Parenting in the digital age adds a whole new, messy layer to an already tough job. Teen parenting already includes navigating the high school curriculum and increasing competition for college admissions, trying to impart some sense of financial responsibility to my daughter, and managing all of the new challenges that come with teen driving. As if that weren’t enough, I am also forced to maneuver the increasingly complex world of technology which includes my child’s use of a smartphone, laptop, Netflix, ipad, and occasional gaming device. To be honest, I’m not an expert on any of these devices myself. In fact, my daughter is often tech support to my own shortcomings with my personal technology.
Though I would like to, I cannot deny the overwhelming statistics. A 2010 study by the Kaiser Family Foundation found that 8- to 18-year-old children devote an average of 7 hours and 38 minutes to entertainment media each day. According to this study, the majority of these screen hours are spent “media multitasking,” meaning teens are using more than one medium at a time. And, when this was accounted for, it was found that teens are actually exposed to about 10 hours and 45 minutes worth of media content each day.
To be fair, I also appreciate all of the wonderful and exciting qualities of technology. I love that my child is able to “share” her school work with peers for review via her laptop. Also, I have completely embraced the use of Kahn Academy as an academic support. More often than not, I walk by my child’s room at night and hear her using face time to study with a group. And, there are positives with regard to social connections and social media as well.
But for every “healthy” aspect of screens, it seems I am assaulted with a host of negatives on the daily. Although there continues to be controversy over causal links, there is much research correlation screen use to depression, isolation, anxiety, distractibility, and social issues. Screen use has been linked to obesity and sleep disturbance as well. For these reasons, parents must be involved with our children’s relationship to technology just as we hope to impact their relationships with finances and driving. We must help our teens to develop a healthy respect for and use of technology.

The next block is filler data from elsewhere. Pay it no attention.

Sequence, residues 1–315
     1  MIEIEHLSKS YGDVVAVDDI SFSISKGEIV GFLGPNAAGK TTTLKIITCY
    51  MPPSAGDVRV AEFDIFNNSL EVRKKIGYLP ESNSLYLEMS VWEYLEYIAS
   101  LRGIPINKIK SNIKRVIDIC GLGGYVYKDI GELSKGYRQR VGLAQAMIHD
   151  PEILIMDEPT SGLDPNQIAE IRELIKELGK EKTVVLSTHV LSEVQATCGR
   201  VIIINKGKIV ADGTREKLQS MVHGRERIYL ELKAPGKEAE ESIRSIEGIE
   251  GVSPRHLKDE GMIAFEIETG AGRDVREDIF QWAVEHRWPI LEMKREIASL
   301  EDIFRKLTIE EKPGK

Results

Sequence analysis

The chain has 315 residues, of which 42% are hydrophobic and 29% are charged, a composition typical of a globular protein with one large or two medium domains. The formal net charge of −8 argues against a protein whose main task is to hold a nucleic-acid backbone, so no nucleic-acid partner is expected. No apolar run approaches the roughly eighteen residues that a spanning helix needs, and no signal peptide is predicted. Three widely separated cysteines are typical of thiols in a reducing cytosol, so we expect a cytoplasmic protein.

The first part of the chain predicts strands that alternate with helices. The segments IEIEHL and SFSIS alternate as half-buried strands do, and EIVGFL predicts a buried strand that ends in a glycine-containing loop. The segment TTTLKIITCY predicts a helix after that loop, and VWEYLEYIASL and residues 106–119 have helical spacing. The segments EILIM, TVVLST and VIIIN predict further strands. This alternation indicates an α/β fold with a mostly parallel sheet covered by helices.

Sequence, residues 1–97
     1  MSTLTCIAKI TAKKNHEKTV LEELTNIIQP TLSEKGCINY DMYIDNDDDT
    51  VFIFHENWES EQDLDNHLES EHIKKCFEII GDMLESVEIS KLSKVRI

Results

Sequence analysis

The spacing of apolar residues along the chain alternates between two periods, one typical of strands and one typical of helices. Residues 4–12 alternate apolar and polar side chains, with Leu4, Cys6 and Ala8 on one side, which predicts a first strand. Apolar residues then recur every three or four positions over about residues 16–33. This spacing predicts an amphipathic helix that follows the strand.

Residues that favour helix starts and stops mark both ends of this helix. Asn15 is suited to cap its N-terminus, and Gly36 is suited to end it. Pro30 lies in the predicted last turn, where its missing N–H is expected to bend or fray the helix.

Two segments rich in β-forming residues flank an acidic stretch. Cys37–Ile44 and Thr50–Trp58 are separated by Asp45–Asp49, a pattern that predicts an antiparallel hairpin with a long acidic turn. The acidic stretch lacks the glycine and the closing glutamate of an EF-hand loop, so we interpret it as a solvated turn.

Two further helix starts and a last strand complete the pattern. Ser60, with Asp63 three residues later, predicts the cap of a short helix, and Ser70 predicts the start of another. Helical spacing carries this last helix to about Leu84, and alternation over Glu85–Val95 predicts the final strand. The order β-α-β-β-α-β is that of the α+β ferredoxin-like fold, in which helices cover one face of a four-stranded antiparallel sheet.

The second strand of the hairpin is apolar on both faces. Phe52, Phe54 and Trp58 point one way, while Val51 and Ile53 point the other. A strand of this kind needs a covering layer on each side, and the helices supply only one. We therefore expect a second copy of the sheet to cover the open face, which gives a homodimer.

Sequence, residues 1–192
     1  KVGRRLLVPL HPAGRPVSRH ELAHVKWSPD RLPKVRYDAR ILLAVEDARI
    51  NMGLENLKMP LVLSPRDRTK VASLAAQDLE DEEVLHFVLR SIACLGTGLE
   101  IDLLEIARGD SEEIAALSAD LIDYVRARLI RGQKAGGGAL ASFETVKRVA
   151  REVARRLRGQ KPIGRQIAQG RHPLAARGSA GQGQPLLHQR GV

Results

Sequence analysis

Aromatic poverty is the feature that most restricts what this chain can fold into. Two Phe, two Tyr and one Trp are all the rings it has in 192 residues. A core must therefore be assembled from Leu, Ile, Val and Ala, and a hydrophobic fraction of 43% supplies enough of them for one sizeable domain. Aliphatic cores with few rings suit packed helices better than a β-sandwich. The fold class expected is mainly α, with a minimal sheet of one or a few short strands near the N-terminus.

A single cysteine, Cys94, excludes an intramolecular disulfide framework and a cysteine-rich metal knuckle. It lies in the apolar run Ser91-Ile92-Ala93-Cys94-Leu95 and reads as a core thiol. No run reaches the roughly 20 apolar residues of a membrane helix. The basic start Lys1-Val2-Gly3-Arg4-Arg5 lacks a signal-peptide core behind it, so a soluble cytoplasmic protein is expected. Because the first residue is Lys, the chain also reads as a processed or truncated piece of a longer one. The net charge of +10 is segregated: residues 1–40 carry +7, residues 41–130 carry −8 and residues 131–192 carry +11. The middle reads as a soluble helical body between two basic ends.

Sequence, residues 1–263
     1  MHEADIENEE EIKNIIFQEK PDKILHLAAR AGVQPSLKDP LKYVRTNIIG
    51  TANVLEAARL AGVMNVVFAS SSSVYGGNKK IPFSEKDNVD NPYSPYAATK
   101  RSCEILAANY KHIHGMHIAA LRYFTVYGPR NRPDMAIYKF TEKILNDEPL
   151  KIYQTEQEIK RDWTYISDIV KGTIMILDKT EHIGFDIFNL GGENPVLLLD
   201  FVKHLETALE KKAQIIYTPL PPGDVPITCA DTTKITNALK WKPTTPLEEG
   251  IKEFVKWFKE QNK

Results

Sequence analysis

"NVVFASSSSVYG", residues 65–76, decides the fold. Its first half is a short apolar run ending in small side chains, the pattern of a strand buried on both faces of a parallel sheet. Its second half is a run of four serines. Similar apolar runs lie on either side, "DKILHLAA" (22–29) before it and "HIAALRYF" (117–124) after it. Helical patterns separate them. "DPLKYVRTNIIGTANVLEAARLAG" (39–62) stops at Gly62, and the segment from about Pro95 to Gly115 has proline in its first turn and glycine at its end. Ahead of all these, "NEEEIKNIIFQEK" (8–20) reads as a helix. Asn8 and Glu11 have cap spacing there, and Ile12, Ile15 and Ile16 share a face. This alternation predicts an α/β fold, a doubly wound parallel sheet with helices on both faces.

So how do parents foster this? How do we set reasonable limits and expectations on devices which encourage our teens to define their own relationships with technology? To be fair, the way we manage this as parents begins much earlier than the teen years. But technology is ever evolving just as our children are ever maturing and growing.
While every parent will have to determine their own limits based on the emotional maturity and developmental age of their child, here are some general guidelines to consider in this process….
- Establish and maintain “tech free zones” for all family members (the dinner table, while watching a family movie, etc.)
- Give all devices a bedtime for all family members.
- Have a shared “charging area” not in bedrooms.
- Utilize contracts between parent and child regarding devices. Be sure to include who will pay for repairs if devices are lost or stolen as well as general expectations for purchases, apps, and other tech privileges.
Like all privileges, technology comes with responsibilities. As parents, we have the opportunity to model healthy relationships with technology for our children. We also have the responsibility to help our children respect this awesome privilege and develop their own relationship with technology.
Shelley Coleman M.A., L.P.C.-S.
Shelley Coleman is a Licensed Professional Counselor and parent. She is in private practice in Lakeway where she provides play therapy, child and adolescent counseling, family therapy, group therapy, and parent education. She can be reached via her website at www.shelleybcolemanlpc.com